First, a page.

Not a knockout intellectual blow, Mark Lilla’s The Shipwrecked Mind: On Political Reaction packs a tough little liberal punch nevertheless. But to what effect? Meant for a broad readership, The Shipwrecked Mind appeared in 2016 as a New York Review Book publication, assembled largely from essays by him from that journal. There will be readers of religion, Jewish philosophy, and critical theory who will note without necessarily appreciating the place played by Rosenzweig, Voegelin, and Strauss in this little history of reactionary ideas set alongside Badiou, Schmitt, Houellebecq, and the specter of Political Islam. It might seem strange for some to see Rosenzweig in this company. He was, after all, a mostly apolitical religious thinker; and Lilla never explicitly calls him a reactionary. His inclusion among these other intellectual shipwrecks shows that Lilla counts among those intellectual historians at work today who take religion very seriously. Among Lilla’s merits as an intellectual historian lies in the effort to guide political thought through the Scylla and Charybdi of religion and politics. His inability to get modern religion right coupled with what Nitzan Lebovic, whom you can read here, has called his nostalgic liberalism might constitute his primary challenge making it through those treacherous shoals.
Whatever faults of the book as a project, the anatomy of political reaction in The Shipwrecked Mind remains clear-cut and very much to the point, particularly as a reflection on historical time and its passage, especially in relation to the religious imagination.
What bridges conservative and radical expressions of political reaction are identified as:
 nostalgia (for the ancient and medieval past, and even, paradoxically, nostalgia for the future in the case of radical reactionaries) (for the lost shape of community that one wants to recoup) (for a justice to come),
 declinism and cultural pessimism (regarding late liberal modernity and the failure of revolution in the twentieth century),
 political theology (that mixes up the political, especially decisionism, with magical, mythical, messianic, apocalyptic thinking).
Taking my cue from Lilla, the conclusion is that thinkers and their thought (such as Rosenzweig and Strauss along with Schmitt and Benjamin) would have to share at least two of these family resemblances to count as reactionary. I would submit that a great many of my colleagues in Jewish thought and philosophy have not quite worked through their own attraction to topoi of such sort.
As a necessary corrective to the shipwreck represented by strict decisionism and other forms of theo-political posturing, Lilla’s liberal alternative is a politics defined in terms of “deliberation, consultation, compromise” (p.100). In relation to religion and against St. Paul and his radical contemporary inheritors, St. Augustine stands out, it seems to me, as the hero of religion in The Shipwrecked Mind. With Augustine, Lilla turns religion away from “the flow of history” towards an eschatological vision of end-times, projected safely out into the distant future. The religion that recommends itself to Lilla is epistemologically modest. No claims are made to know the exact relationship between God, catastrophe, and redemption, or even the relation between God and power. Religion is hedged in by rational religion, teaching the Gospel, moral righteousness and faith (p.70). After the rise of rightwing political religion in this country and abroad and after all the blather about messianism and the political, there is some relief to this more simple structure. Religion and politics represent different social phenomena. To collapse the two into one single form can only sustain damage to both.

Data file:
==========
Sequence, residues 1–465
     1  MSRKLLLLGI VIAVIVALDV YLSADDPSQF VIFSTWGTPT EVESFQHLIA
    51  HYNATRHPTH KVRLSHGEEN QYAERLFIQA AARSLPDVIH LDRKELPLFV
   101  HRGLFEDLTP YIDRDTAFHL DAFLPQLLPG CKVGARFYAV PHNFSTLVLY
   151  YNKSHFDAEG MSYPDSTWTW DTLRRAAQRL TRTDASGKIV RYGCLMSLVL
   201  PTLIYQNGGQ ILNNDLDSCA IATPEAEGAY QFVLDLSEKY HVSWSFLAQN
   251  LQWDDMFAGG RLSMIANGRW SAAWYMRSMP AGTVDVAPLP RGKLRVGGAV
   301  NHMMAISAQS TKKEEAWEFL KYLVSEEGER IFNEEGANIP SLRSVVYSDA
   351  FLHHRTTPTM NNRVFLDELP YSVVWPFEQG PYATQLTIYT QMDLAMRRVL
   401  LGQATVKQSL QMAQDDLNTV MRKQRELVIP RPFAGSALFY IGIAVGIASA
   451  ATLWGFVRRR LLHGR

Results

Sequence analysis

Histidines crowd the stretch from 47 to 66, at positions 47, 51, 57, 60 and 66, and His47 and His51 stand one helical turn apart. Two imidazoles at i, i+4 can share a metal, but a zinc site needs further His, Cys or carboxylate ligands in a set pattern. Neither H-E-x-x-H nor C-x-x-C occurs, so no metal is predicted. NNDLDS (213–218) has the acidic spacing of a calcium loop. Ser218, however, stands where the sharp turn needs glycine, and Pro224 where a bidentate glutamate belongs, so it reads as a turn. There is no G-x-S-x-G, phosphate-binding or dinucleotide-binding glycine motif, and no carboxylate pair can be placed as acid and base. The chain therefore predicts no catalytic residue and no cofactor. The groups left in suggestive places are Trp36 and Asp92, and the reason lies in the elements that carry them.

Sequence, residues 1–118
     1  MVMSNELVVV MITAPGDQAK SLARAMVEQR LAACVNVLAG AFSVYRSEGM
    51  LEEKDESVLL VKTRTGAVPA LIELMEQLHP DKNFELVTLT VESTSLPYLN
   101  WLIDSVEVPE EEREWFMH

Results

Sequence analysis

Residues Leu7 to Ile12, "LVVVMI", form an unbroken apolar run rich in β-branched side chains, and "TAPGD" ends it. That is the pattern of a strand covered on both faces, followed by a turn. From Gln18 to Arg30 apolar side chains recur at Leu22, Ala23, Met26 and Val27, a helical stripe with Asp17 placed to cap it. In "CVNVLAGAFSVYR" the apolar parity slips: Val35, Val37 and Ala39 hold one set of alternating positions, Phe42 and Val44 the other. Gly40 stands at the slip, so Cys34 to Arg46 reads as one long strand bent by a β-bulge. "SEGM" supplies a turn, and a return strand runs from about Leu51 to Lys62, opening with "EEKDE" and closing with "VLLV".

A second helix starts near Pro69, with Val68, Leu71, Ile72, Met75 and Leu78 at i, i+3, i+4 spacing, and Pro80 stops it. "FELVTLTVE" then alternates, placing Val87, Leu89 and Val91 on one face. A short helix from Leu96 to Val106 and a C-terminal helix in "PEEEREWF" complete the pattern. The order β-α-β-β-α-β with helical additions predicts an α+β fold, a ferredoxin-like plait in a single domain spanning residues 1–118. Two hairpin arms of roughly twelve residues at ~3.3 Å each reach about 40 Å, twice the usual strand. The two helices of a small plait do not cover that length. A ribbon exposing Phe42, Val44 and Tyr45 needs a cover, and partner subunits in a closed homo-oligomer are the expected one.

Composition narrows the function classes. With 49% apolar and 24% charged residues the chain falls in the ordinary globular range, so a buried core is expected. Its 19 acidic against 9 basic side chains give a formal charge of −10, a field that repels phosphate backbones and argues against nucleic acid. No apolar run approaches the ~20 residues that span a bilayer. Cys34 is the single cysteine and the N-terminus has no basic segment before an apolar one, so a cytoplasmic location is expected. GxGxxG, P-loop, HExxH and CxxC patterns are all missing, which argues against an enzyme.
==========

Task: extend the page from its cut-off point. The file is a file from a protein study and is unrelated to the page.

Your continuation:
But is any of this sufficient? Does Lilla’s liberal Augustinianism (if that’s what it is) speak to religion as a known historical phenomenon? This goes well and beyond the separation of church and state. Based on the separation of religion and history, this orientation towards what Lilla commends as a remote and silent God is not political, a notion which some will reject, and does not pretend to be political, which others will welcome (p.129). One suspects on Lilla’s part a deliberate and bad-faith move intended to exclude parties from coming to the table where the political gets hashed out. The move is similar to the one made by Lessing in Nathan the Wise where the genuinely spiritual figures (the friar, Brother Bonafides and al-Havi, the Derwish) conveniently enough leave the political arena (the polis, figured as Jerusalem under the rule of Saladin) to join more comprehensive religious orders out in the countryside.
The Shipwrecked Mind is a fine polemic against reactionary thought and the comfortable place it finds among certain circles in the western academy. But there’s something not quite right regarding religion. Even for those of us in Religious Studies who want to maintain some “distinction” between religion and the political might nevertheless want to resist the contention that these are completely “separable” spheres. Left by Lilla to its own devices, religion has lost its worldly, historical structure, and all the attendant relations to the political that come with that structure and that have constituted religion as, in his words for the political, a “deliberative, consulting, and compromised” social formation, always at work with or against dominant power.